Baht Rises Most in Six Weeks, Bonds Gain as Yields Draw Funds
Thailand’s baht rose the most in six weeks and government bonds advanced after overseas investors boosted their holdings of the nation’s debt, drawn by yields that are relatively high compared with developed nations.
The currency climbed to the strongest level in 19 months after global funds bought $156 million more sovereign notes than they sold yesterday, the biggest net purchases this month, Thai Bond Market Association data show. Prime Minister Yingluck Shinawatra said yesterday the government is targeting an annual growth rate of 4 percent to 5 percent over the long term. The economy grew 6.4 percent in 2012, official data show.
The baht rose 0.3 percent to 29.63 per dollar as of 3:10 p.m. in Bangkok, the biggest advance since Jan. 30, data compiled by Bloomberg show. The currency touched 29.57, the strongest level since August 2011, and has gained 3.2 percent this year, the most in Asia. One-month implied volatility, a measure of expected moves in the exchange rate used to price options, held steady at 5.22 percent.
“Funds are flowing into Thailand and that put appreciation pressure on the baht,” said Tohru Nishihama, an economist covering emerging markets at Dai-ichi Life Research Institute Inc. in Tokyo. “The authorities seem to be tolerant of gains so far.”
The baht climbed by as much as 0.5 percent after it breached a recent psychological support level of around 29.65, according to Nalin Chutchotitham, a Bangkok-based analyst at Kasikornbank Pcl. (KBANK) Prior to today, the baht’s strongest level this year was 29.66 reached on Jan. 21 and Jan. 31.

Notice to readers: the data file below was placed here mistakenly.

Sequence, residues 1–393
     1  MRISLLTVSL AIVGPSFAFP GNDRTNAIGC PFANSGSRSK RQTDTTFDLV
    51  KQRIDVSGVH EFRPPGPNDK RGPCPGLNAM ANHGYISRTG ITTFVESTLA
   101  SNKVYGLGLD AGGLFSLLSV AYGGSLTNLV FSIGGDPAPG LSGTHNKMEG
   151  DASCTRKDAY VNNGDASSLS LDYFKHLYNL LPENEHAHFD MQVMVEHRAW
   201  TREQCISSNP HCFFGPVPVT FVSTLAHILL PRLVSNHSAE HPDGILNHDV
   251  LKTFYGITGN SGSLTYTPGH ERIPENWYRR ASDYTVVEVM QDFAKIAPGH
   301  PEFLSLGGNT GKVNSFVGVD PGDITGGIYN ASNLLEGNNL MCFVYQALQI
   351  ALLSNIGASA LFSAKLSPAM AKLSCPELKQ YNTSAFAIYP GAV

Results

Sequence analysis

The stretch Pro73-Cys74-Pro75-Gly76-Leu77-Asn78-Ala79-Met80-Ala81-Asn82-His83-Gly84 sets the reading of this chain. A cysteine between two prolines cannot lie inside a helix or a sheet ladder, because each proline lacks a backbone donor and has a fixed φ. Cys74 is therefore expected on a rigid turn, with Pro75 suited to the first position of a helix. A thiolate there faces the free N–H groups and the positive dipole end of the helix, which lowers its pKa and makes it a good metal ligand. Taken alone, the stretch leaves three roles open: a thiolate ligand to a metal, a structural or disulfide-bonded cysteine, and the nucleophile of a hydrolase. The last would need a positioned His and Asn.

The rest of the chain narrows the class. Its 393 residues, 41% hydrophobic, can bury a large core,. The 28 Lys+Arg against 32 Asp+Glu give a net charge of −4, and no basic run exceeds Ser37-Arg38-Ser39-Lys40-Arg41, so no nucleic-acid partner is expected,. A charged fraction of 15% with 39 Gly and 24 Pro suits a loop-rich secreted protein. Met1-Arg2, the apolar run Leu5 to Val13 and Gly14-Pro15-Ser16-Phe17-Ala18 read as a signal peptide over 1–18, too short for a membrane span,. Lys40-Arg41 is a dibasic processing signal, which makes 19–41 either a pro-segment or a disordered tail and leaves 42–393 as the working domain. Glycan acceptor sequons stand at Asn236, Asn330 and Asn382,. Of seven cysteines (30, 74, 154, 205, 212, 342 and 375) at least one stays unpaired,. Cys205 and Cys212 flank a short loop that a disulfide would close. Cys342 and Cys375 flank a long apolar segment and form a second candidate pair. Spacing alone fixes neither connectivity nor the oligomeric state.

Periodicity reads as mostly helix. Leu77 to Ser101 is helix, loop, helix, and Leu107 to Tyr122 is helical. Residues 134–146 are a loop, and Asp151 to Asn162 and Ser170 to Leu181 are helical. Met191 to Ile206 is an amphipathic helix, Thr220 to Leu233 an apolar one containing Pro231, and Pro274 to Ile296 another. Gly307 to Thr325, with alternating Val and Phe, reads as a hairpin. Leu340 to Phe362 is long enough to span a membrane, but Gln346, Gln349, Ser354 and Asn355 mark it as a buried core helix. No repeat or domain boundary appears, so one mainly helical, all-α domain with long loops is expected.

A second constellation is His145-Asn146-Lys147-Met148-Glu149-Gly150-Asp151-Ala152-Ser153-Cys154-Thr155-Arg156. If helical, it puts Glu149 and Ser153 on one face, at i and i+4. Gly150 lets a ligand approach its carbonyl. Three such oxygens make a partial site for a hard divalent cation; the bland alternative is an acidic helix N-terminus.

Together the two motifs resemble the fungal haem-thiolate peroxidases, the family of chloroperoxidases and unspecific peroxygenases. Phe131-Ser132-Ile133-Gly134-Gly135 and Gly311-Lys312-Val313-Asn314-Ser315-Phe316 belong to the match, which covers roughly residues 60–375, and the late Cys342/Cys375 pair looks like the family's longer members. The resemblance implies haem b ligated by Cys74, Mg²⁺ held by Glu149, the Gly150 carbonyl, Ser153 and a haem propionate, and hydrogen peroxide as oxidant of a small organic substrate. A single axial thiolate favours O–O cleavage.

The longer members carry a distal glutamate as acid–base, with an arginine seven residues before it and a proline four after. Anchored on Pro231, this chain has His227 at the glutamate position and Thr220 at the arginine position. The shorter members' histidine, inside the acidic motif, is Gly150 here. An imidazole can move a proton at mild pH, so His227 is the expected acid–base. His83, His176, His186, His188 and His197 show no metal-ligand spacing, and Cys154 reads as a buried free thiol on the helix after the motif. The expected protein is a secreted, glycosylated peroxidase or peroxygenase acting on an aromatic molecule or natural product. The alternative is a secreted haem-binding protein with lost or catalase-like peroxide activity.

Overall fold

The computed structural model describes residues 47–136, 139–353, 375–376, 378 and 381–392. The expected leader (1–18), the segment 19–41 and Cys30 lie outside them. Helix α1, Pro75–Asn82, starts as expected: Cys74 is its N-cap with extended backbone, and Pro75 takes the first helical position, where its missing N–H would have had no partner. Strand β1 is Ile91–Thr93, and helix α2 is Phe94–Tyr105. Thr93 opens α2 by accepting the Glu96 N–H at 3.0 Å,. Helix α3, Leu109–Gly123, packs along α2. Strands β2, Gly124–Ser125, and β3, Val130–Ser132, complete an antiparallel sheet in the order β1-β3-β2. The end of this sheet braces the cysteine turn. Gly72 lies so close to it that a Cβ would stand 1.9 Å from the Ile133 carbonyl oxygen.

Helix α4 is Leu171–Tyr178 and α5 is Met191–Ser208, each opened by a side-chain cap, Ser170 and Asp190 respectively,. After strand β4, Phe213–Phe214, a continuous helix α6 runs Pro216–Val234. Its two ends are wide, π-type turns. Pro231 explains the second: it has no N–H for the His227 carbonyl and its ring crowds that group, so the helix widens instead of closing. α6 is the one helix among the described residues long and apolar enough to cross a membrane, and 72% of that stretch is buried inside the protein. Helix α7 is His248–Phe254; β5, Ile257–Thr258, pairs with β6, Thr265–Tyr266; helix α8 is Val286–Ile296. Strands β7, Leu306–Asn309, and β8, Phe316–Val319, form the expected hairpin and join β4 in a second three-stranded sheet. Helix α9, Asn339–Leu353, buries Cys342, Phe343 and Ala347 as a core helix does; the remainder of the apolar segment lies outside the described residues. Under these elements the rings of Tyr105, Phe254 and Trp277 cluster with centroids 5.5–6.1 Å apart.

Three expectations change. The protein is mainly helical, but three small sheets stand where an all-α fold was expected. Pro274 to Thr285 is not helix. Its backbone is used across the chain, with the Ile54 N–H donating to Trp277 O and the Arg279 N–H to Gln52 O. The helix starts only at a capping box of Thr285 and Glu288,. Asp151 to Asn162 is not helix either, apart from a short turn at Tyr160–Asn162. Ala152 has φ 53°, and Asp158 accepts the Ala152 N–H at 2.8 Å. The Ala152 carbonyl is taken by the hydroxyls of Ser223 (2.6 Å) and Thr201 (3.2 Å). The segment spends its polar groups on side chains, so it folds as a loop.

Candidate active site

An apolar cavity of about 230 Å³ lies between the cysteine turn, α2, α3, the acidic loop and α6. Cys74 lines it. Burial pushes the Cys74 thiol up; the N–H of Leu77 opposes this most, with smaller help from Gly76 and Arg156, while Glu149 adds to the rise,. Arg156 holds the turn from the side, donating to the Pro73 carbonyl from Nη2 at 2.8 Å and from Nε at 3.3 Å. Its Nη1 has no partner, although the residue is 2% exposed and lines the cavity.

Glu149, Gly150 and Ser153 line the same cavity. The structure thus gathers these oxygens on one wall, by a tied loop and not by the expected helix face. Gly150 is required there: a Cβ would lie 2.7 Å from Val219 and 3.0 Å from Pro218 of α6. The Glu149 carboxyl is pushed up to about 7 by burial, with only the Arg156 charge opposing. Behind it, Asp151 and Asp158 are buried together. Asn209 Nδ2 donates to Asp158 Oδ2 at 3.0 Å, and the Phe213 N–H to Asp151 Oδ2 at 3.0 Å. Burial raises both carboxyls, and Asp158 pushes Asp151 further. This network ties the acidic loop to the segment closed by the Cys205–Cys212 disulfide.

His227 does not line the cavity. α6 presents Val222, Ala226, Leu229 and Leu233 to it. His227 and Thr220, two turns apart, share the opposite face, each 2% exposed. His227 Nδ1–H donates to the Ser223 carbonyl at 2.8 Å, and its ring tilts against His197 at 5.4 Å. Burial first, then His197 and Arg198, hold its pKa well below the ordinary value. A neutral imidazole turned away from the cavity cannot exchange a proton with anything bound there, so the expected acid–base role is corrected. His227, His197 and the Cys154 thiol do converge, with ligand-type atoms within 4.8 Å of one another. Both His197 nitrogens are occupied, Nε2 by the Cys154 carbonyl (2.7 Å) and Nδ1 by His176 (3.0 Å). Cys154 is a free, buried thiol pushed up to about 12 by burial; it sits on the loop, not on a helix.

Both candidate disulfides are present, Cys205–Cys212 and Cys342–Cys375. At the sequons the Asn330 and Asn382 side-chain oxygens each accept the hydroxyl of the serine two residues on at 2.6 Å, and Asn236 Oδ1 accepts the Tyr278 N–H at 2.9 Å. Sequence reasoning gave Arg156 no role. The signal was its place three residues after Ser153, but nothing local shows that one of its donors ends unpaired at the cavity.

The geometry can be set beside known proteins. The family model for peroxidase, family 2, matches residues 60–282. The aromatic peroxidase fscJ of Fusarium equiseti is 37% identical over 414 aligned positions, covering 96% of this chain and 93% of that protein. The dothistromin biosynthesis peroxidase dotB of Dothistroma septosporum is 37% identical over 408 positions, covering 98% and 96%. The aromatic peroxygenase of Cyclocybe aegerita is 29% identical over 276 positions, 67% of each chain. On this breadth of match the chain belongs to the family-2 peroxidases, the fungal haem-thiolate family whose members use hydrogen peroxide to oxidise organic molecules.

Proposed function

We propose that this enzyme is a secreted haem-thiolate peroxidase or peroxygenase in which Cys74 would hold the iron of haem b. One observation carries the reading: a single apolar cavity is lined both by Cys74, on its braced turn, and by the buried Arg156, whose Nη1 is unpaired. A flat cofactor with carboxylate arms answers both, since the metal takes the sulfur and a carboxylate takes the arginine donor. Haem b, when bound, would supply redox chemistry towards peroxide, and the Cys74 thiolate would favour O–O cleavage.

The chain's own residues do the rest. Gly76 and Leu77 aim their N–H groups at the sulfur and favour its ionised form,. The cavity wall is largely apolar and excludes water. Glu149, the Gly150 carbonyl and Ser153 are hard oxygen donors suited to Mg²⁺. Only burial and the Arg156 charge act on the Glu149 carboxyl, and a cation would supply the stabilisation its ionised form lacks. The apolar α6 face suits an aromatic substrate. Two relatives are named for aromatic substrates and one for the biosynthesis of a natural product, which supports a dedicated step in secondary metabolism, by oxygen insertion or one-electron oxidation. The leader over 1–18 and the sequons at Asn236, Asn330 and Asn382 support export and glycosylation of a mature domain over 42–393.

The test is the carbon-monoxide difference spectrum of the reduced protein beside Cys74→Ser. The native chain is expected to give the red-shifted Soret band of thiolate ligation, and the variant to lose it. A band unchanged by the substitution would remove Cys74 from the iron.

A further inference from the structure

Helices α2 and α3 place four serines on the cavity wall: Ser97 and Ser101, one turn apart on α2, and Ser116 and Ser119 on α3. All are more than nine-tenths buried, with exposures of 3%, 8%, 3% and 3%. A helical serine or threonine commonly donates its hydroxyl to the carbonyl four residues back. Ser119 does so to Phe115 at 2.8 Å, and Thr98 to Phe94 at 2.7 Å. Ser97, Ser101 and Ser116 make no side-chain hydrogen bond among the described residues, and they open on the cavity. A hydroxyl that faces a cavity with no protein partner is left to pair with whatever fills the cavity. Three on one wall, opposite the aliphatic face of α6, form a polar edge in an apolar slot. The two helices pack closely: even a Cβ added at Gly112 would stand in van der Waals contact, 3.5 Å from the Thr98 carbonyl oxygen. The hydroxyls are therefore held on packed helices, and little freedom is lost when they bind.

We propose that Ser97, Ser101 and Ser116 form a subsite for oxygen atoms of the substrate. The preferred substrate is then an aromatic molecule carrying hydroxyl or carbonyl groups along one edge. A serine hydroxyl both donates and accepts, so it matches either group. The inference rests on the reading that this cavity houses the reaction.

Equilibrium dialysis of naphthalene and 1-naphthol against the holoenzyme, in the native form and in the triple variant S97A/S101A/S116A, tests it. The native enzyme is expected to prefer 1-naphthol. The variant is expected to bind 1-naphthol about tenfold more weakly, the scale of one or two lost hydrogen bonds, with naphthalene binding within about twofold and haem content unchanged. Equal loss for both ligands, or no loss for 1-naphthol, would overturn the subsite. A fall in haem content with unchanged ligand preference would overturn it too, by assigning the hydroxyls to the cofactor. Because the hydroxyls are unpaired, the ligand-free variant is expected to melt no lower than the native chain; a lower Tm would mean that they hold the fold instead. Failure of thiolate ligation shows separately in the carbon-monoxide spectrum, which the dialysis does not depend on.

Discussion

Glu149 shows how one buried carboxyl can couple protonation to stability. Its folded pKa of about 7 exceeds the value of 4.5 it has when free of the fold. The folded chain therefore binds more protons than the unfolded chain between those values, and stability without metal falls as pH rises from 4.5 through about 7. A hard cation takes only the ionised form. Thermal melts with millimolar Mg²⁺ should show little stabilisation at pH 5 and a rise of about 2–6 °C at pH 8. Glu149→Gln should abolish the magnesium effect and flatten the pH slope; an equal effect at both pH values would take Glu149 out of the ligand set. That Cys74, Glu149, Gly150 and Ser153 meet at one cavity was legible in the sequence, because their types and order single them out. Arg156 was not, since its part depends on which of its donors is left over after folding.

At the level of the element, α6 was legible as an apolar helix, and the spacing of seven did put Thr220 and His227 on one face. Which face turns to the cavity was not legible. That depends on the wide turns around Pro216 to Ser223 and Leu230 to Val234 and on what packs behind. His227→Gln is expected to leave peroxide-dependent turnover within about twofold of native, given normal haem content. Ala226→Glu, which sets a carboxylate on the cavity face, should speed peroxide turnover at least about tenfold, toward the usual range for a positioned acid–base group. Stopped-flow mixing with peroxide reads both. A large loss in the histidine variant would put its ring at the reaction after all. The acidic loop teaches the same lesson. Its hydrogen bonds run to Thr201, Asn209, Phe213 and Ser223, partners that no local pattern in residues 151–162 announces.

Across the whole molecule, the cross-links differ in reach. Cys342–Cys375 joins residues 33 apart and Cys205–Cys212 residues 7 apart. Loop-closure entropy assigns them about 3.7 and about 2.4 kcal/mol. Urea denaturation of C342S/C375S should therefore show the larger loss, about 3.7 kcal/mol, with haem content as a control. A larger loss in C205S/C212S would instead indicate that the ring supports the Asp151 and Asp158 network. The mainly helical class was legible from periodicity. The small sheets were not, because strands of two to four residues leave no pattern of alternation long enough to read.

Asian currencies were supported after Kikuo Iwata, the nominee for the deputy governor of the Bank of Japan (8301), said today decisive monetary easing is needed.
“Generally, the move up among the Asian currencies is led by speculation of more liquidity coming in from Japan in addition to the U.S.,” Kasikornbank’s Nalin said.
Thailand’s benchmark 10-year bond yields 3.65 percent, compared with 2.05 percent for similar-maturity U.S. Treasuries and 0.64 percent in Japan. Bank of Thailand Deputy Governor Pongpen Ruengvirayudh said last week the monetary authority is seeking to encourage outflows to ease pressure on the baht.
The yield on Thailand’s 3.625 percent government notes due June 2023 declined one basis point, or 0.01 percentage point, to 3.65 percent, according to data compiled by Bloomberg. The rate was 3.66 percent yesterday, near the 3.663 percent reached on March 7 that was the highest level since Feb. 4.
“When the yields rose, it provided a good buying opportunity for investors seeking better returns,” Dai-Ichi’s Nishihama said.
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